the armenian genocide and the greek genocide

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    THEOFANIS MALKIDIS

    HE PARALLEL CRIME: THE ARMENIAN GENOCIDE AND THE GREEK GENOCIDE

    Keywords Armenian Genocide, Greek Genocide, Ottoman State, Young- Turks,

    Mustafa Kemal (Ataturk), History, Diplomacy, Politics, Denial, Recognition

    Introduction Alfred de Zayas write that Genocide is a international crime. Its prosecution and

    punishment are subject to universal jurisdiction, as are piracy, slave trade and other international crimes1. Also Ruben Safrastyan write that the Genocide is not only a historical phenomenon or a scientific abstraction, but a sever reality of our days, a gravest crime against humanity, which prevention can save millions of human lives2.

    The term Genocide was firstly expressed in 1944 by the Raphael Lemkin3 and was made known just before the trial of Nuremberg4 for the ones responsible for the extermination of the Jews by the Nazi5. In his writings on Genocide, Lemkin is known to have detailed the fate of Armenians and Greeks in Turkey. In August 1946 the New York Times reported: Genocide is no new phenomenon, nor has it been utterly ignored in the past. ... The massacres of Greeks and Armenians by the Turks prompted diplomatic action without punishment. If Professor Lemkin has his way genocide will be established as an international crime...6.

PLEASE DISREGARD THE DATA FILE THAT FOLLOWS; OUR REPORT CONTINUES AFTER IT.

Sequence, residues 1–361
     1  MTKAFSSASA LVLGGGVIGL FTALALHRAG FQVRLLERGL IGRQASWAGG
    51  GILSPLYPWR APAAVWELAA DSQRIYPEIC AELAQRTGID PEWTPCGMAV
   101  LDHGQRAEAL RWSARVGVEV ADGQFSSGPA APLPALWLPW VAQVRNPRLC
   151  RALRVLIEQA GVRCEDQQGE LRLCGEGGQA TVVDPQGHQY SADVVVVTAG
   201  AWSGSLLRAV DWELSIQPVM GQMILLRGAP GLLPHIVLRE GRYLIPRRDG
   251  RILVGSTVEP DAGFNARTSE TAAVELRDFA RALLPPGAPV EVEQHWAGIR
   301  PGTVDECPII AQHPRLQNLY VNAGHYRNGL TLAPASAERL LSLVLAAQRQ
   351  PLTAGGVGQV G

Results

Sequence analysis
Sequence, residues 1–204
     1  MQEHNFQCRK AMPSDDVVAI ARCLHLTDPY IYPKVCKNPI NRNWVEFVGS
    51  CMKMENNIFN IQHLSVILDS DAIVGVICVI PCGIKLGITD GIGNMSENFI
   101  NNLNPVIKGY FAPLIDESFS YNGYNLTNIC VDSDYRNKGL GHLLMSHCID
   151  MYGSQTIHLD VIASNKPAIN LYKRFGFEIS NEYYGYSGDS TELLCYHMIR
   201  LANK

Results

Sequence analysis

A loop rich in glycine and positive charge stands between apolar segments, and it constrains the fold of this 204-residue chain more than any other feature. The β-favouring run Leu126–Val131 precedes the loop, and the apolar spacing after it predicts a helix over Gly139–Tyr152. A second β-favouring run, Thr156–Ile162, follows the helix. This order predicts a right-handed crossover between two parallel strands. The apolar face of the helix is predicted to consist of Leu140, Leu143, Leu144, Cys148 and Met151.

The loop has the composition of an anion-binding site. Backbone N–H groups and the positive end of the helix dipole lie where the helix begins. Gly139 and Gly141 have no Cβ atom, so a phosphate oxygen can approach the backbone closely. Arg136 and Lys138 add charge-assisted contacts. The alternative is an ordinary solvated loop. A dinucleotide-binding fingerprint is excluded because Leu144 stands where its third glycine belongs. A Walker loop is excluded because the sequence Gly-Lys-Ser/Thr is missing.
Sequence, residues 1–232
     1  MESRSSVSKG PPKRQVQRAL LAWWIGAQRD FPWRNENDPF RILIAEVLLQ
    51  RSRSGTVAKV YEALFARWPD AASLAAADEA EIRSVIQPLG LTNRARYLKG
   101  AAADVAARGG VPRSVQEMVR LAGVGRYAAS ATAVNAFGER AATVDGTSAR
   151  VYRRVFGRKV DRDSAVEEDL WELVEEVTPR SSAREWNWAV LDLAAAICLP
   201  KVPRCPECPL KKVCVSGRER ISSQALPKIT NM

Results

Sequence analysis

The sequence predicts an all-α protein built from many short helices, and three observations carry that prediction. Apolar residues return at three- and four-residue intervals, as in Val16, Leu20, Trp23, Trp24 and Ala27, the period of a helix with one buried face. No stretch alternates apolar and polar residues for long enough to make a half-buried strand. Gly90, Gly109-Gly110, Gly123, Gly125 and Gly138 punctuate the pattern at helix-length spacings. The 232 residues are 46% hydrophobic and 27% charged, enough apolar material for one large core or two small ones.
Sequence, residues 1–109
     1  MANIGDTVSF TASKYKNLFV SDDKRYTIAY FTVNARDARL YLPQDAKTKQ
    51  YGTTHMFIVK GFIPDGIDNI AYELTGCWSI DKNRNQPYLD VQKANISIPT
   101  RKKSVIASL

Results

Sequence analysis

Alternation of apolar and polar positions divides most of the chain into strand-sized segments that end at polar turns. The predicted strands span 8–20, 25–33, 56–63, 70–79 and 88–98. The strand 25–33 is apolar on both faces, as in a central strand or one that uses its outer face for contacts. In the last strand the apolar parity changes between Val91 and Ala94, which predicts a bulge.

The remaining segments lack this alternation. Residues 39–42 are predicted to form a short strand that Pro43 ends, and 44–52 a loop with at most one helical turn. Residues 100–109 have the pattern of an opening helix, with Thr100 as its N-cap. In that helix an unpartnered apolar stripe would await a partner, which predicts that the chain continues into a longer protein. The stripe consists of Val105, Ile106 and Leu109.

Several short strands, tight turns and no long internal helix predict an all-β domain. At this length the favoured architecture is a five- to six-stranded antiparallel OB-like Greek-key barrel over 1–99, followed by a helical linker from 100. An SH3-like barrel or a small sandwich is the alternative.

Lemkin described the crime of Genocide as follows: Generally speaking, genocide does not necessarily mean the immediate

    destruction of a nation, except when accomplished by mass killings of all members of a nation. It is intended rather to signify a coordinated plan of different actions aiming at the destruction of essential foundations of the life of national groups, with the aim of annihilating the groups themselves. The objective of such a plan would be disintegration of the political and social institutions, of culture, language, national feelings, religion, and the economic existence of national groups, and the destruction

    1 Zayas A. de, The Genocide against the Armenians 1915-1923 and the relevance of the 1948 Genocide Convention, Beirut, 2010, p. 11.

    2 Safrastyan R., Ottoman Empire: The genesis of the program of Genocide (1876-1920), Yerevan, 2011, p. 7.

    3 Mcdonnell M. A. and Dirk Moses A., Raphael Lemkin. Journal of Genocide Research, Vol. 7, Issue 4, December, 2005, pp. 501-529.